Five years after his initial indictment for illegally soliciting cases as a lawyer, Texas state Rep. Ron Reynolds recently entered the Montgomery County Jail and began serving a one-year sentence for barratry, though he has vowed to continue fighting the charge.
Reynolds, who is allowed to keep his job as a lawmaker because he was not convicted of a felony, voluntarily revoked his appeal bond so he could be released from jail in time to serve during the 86th legislative session beginning in 2019. He expects to be released from jail in less than six months, according to a statement released by his legislative office.
“Rep. Reynolds’ attorney is still working on various legal challenges and he is confident that his misdemeanor conviction will be overturned,” according to the statement. “Moreover, Rep. Reynolds has full confidence that his experienced staff will be able to handle any immediate needs of his constituents, during his 4-6 month absence.”
Reynolds’ criminal case experienced many twists and turns after he was indicted in 2013 on felony barratry charges, alleging that he improperly solicited personal injury legal clients by paying a nonlawyer to contact car accident victims through police reports.
Reynolds denied the allegations at the time, calling them “baseless.”
Despite the fact that he was awaiting trial on felony charges, a conviction on which would have prevented his serving as a lawmaker, the Missouri City Democrat still won re-election to the Texas House by a landslide in 2014, receiving 67 percent of the vote.
Later that same year, Judge Lisa Michalk of the 221st District Court declared a mistrial in Reynolds’ felony barratry case after learning that one of the jurors on the case was overheard speaking with other jurors about the fact that a co-defendant in Reynolds’ case had pleaded guilty.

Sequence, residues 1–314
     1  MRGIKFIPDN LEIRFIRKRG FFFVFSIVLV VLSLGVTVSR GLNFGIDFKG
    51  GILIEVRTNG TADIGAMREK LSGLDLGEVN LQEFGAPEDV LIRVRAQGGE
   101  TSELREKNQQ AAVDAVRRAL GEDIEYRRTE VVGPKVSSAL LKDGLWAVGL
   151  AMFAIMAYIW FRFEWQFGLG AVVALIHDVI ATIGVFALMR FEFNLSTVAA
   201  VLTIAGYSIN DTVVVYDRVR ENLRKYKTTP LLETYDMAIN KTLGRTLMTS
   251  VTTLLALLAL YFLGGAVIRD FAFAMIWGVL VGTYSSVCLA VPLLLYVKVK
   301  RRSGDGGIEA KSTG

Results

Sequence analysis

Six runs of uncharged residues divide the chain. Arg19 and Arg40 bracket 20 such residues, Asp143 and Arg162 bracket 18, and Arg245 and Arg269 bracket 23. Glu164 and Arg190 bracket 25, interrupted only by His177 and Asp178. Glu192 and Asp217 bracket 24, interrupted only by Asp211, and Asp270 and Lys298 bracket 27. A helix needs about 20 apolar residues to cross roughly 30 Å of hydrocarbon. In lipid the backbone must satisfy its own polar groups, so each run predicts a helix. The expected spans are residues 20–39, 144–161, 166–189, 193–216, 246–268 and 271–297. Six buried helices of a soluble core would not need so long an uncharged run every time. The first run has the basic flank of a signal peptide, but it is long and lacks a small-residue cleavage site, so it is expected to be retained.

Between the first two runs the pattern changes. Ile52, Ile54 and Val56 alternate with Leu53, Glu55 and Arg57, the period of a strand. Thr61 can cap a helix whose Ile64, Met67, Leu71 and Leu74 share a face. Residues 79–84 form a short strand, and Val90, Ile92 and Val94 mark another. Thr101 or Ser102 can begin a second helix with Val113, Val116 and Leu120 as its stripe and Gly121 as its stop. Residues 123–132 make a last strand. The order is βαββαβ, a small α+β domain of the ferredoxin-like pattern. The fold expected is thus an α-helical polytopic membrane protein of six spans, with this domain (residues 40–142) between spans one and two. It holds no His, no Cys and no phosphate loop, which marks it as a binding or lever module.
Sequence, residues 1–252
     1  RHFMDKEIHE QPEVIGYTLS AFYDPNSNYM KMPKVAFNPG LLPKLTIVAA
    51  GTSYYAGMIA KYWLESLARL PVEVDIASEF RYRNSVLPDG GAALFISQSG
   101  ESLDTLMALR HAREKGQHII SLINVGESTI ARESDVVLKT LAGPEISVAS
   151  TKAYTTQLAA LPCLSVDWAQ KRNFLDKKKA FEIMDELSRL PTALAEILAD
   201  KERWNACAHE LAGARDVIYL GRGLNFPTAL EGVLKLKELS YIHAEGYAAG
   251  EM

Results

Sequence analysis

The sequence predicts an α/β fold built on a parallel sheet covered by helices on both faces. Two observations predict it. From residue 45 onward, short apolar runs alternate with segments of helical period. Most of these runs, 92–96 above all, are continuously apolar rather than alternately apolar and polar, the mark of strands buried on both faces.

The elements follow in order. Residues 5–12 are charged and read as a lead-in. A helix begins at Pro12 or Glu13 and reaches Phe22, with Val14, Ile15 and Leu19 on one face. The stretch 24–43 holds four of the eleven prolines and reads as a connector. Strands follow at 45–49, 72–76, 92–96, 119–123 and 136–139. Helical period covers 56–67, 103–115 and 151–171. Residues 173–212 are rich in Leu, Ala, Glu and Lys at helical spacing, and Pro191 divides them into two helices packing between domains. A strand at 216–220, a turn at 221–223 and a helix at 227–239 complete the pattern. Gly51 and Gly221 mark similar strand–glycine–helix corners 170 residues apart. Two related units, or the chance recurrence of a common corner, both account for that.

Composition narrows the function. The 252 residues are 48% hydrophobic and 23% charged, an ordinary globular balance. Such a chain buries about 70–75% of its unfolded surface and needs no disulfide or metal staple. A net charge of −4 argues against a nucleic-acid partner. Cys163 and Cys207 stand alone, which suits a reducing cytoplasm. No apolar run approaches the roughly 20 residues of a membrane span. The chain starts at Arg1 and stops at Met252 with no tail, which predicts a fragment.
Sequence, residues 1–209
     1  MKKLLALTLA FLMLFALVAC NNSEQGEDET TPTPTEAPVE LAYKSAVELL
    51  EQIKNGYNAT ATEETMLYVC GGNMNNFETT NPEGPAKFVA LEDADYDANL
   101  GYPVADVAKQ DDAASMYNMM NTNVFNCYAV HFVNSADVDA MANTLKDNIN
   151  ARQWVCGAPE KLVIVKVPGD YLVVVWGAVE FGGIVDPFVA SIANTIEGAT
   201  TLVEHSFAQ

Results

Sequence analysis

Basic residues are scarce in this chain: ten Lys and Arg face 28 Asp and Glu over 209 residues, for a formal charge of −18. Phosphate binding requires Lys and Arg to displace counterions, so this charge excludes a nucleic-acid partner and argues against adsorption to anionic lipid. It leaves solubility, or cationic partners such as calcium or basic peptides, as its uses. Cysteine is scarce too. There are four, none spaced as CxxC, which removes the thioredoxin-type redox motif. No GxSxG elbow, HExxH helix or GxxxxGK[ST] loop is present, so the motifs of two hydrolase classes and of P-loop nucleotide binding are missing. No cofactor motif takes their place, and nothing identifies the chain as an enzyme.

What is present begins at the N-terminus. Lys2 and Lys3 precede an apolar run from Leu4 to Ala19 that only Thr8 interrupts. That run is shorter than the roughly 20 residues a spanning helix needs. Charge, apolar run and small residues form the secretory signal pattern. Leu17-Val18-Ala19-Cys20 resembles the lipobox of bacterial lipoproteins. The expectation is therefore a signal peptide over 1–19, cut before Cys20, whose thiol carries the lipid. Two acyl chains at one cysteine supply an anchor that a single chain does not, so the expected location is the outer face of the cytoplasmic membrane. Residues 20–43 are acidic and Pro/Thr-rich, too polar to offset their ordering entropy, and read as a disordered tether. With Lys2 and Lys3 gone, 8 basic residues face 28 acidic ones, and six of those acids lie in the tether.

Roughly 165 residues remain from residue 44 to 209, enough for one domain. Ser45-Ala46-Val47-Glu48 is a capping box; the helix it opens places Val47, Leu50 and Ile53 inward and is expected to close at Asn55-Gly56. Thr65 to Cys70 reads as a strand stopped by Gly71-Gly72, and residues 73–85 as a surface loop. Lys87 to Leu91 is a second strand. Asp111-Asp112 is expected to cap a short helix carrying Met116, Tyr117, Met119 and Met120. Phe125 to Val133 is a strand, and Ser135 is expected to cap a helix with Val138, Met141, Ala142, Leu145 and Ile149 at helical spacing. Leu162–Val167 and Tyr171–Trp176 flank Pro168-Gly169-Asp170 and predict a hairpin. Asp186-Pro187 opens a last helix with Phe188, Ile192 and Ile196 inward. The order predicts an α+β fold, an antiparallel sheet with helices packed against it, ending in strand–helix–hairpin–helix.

In early 2015, the Montgomery County District Attorney’s Office decided to dismiss the felony barratry charges against Reynolds but refiled misdemeanor barratry charges against him to avoid a double jeopardy bar.
In November 2015, Reynolds left a courtroom in handcuffs after another Montgomery County jury convicted him of five counts of misdemeanor barratry, earning him a sentence of one year in jail. Reynolds was soon released from jail after posting an appeal bond.
Reynolds was issued an interlocutory suspension to his law license in 2016 after the Texas Board of Disciplinary Appeals found that Reynolds’ offenses were intentional and serious crimes under the Texas Rules of Disciplinary Procedure.
And in 2017, El Paso’s Eighth Court of Appeals affirmed Reynolds’ misdemeanor convictions after ruling that a rational jury could have concluded beyond a reasonable doubt that Reynolds permitted a case runner to illegally solicit clients within 30 days of an accident.
Joel Daniels, a Montgomery County assistant district attorney who prosecuted Reynolds, said he’s glad Reynolds is behind bars.
“We’re gratified that the court was now in a position to give effect to the jury’s conviction and sentence,” Daniels said. “And we’re also gratified to see that the appellate court’s review of this case rendered that Mr. Reynolds received a fair trial.’’